What to Know about RSV and the Tripledemic
Like the rest of the country, we at East Portland Pediatric Clinic are seeing a sharp increase in cases of respiratory illnesses this season, especially in influenza (the flu), RSV (respiratory syncytial virus), and COVID-19.
This potential tripledemic is due to a variety of reasons, including the disruption of typical seasonal shifts in viruses as well as the dropping of indoor masking requirements. Along with basic hygiene like handwashing, how can you protect yourself and your family from the tripledemic this season? Read on to learn more.
RSV or the flu?
While not as well known as the flu or COVID-19, respiratory syncytial virus (RSV) is a common virus that circulates every year. Almost all children get RSV at least once before they turn two years old. For most healthy children, RSV causes mild, cold-like symptoms that resolve within a week or two. But some kids get very sick with RSV and can develop bronchiolitis or pneumonia. AAP’s article on RSV has a helpful video that demonstrates the signs of breathing problems we want parents to look for.
Like RSV, the flu is circulating at much higher rates this year. The best way to protect you and your family against it is to get vaccinated each year. The flu vaccine is recommended for everyone 6 months of age and older and are especially important for pregnant people. For our patients 2 years and older, we offer the option of flu vaccine as a shot or a nasal spray. This AAP article explains the difference.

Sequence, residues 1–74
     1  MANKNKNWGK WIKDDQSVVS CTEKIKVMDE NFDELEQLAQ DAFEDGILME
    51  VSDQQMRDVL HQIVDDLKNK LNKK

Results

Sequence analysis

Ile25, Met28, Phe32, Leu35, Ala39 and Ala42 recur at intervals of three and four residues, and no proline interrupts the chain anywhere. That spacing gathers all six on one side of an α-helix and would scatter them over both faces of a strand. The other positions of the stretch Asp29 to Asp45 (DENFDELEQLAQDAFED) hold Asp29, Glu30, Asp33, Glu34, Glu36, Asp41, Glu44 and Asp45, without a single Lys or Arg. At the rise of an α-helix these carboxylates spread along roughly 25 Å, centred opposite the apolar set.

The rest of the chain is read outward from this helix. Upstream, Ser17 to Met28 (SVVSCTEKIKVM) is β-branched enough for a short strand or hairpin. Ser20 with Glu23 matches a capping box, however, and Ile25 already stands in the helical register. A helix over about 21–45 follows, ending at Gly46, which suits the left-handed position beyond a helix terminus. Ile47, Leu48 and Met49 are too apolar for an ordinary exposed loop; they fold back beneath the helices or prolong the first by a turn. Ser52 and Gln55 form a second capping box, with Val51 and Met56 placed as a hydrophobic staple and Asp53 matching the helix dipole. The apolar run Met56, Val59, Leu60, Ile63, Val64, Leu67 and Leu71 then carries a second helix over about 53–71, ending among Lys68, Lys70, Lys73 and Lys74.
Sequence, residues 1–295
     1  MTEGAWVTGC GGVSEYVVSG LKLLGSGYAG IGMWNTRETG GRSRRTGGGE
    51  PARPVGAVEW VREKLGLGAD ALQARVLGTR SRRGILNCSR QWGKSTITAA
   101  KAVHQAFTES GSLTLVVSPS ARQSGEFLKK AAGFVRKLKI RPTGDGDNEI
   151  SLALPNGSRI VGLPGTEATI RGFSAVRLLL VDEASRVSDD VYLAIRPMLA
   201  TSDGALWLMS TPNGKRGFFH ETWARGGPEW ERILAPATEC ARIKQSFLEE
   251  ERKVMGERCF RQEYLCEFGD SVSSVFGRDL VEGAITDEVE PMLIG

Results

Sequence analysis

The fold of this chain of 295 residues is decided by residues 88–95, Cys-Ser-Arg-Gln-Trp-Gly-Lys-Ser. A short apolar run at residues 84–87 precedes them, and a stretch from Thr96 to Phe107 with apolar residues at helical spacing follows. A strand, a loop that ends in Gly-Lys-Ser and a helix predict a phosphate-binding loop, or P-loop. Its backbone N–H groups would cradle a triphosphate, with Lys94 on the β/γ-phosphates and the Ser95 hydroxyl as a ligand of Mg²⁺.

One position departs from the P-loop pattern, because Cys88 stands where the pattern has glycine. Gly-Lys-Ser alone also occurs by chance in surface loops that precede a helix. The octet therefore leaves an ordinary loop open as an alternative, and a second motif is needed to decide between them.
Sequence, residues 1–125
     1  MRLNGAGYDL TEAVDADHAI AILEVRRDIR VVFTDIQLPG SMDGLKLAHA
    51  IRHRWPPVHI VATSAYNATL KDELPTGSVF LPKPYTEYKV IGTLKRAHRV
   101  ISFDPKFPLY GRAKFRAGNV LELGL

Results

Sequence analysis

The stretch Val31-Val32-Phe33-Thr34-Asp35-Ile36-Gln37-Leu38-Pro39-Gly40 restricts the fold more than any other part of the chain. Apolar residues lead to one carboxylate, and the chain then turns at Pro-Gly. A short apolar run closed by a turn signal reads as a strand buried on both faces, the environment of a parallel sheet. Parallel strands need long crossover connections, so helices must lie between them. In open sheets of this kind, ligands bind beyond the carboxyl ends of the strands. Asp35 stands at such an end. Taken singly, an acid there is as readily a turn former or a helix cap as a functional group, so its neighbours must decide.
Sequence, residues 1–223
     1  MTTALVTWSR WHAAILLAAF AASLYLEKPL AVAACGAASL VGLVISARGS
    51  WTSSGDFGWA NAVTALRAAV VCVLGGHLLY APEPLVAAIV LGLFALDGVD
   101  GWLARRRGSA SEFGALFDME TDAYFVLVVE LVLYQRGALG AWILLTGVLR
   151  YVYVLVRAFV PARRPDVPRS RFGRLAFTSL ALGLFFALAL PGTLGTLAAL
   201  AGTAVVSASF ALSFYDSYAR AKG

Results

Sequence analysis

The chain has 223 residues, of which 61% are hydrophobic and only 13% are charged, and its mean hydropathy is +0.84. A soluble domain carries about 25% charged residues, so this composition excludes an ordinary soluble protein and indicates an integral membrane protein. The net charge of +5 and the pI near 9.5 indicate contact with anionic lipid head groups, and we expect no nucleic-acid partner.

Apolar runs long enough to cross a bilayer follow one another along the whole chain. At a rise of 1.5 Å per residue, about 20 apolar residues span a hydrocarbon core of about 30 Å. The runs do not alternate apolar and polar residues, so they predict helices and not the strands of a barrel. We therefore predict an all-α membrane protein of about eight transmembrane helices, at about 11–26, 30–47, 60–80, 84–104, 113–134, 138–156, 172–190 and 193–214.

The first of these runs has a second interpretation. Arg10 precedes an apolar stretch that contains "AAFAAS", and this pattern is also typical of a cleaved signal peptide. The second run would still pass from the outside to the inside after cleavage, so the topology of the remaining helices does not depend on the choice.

COVID-19 cases are on the rise again, and are expected to peak in December. Your best protection is getting your COVID vaccine and staying up-to-date on boosters. COVID vaccines are recommended for everyone 6 months and older. Just like the flu vaccine, if you are pregnant, getting your COVID vaccine is safe and the best way to protect your baby.
To learn more about the tripledemic, check out this Portland Monthly article. Want to find out more about the differences between the flu, COVID-19, and RSV? AAP offers this breakdown.
Need to schedule a flu or COVID-19 vaccination for you or your child? Please contact us for an appointment with our pediatricians in Portland.
How can you prevent the spread of respiratory illnesses?
- Handwashing. This is one of the best ways to prevent yourself and your family from getting sick.
- Mask in crowded, indoor settings. Masking is also highly recommended if you or your child is sick or interacting with someone at medium or high risk. Dr. Matthieu’s children, like many other students, continue to mask at school.
- Stay home when sick. Like handwashing, keeping your kids (and yourself) home while sick is essential to preventing the spread of all infectious diseases. For a more comprehensive list of symptoms visit AAP’s page on when to keep your sick child at home. We also have a list of acetaminophen and ibuprofen dosages on our website.
- Avoid the emergency room unless absolutely necessary. Pediatric offices, emergency departments, and hospitals across the country have been dealing with very large numbers of patients, and in many states, including Oregon, there’s a shortage of pediatric hospital beds.